Bangalore protests Software Patents
Copyrights? Yes! Patents? No! The Free Software Users Group in India emphatically protested against a back door attempt to create patents out of what is considered at par with an art form in the field of IT, viz. software. They held a candle light vigil attended by more than a 100 people in Bangalore, on the 23rd August 2008 in front of the Town Hall in India’s Silicon City.
The Bangalore Consultation on the Draft Patent Manual being prepared by the India Patent Office is on the 27the of this month, and the public vigil was conducted with this in view.
Anivar Aravind, one of the warriors for the cause, spoke to Techgoss and he says this has not been the first attempt to introduce a patent on software in India. The Indian Parliament had rejected the Bill outright in 2005. Later, vested interests had tried a Presidential Ordinance which again did not work out. Now, it is the Patent Office in India which is endeavoring to push the cause for patents. The draft Manual of Patent Practice and Procedure shows the first indications of this rather hidden agenda; where ‘software in association with hardware’ and ‘software per se’ are talked about. Software patents are not allowable in isolation, says the Patents Law in India, and the new draft tries to get round this impediment by combining software with hardware, in a clever move. As if software can independently exist without hardware!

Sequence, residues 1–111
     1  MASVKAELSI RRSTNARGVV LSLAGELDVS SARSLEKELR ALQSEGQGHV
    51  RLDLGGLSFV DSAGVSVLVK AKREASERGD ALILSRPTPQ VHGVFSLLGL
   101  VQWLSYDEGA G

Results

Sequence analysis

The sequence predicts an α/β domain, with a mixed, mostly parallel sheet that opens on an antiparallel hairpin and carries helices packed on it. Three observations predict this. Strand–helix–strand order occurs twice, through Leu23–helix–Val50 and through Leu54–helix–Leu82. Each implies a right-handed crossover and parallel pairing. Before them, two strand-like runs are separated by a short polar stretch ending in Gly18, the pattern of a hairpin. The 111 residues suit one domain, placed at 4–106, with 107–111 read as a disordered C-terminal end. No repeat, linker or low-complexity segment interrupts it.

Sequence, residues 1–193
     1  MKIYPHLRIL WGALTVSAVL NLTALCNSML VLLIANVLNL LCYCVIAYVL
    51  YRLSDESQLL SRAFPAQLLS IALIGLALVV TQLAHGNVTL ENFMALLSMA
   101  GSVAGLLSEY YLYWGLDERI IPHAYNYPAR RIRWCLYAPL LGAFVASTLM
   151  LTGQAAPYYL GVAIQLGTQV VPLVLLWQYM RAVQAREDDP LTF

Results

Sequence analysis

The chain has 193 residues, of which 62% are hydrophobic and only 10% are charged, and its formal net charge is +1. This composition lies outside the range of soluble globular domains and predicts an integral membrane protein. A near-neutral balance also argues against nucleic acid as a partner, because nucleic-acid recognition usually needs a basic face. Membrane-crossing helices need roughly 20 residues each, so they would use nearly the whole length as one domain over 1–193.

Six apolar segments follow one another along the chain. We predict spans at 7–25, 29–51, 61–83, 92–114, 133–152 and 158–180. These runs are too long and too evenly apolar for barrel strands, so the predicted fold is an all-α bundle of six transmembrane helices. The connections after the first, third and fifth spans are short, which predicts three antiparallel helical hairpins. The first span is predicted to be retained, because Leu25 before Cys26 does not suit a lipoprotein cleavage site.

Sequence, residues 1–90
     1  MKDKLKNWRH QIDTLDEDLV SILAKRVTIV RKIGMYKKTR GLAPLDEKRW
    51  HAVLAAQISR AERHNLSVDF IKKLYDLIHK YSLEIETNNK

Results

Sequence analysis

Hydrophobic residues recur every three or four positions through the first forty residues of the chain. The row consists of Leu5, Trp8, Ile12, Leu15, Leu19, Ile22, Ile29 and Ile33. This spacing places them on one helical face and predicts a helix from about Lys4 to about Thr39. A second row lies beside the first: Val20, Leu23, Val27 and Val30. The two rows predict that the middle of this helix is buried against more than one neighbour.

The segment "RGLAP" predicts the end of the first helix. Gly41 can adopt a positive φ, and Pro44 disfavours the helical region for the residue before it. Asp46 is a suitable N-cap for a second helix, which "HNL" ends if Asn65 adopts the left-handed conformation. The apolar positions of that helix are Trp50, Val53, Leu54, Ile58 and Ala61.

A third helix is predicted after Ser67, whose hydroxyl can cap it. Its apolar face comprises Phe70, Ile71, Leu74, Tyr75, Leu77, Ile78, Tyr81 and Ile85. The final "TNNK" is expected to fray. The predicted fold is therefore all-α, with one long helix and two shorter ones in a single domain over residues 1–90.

Dr.V.Sasikumar, another free software soldier says in his blog that ‘it is virtually impossible to be even aware of all patented ideas. This is because so many patents have already been granted in the only country that supports software patents - namely, the United States of America - hat it is practically impossible to keep track of all of them. And they continue to issue patents on the order of thousands every year. Keeping track of all of them, especially in view of the vagueness in their wording, is just impossible.’
Former Judge of the Supreme Court of India, Justice V. R. Krishna Iyer, has commented that “neither the controller nor the central government has authority or sanction of law to publish a manual of the kind put on the website”.
Others who spoke emphasized on the fact that free software is a form of knowledge and software patents would amount to making knowledge a private property and would be injurious to the pace at which software is growing. Software patents destroy innovation and competition and turn software publishing into the right of a few. As software today pervades all walks of life, any dent in the pace of its growth would have a cascading effect on the economy in general.
So this ‘nasty new animal’ called a software patent refuses to go away, but it’s a relief to know that there are enough watchful eyes around to prevent it entering the sanctum sanctorum of knowledge and making it a purely private residence.
Techgoss note: More photos can be seen in Techgoss Photos/Videos.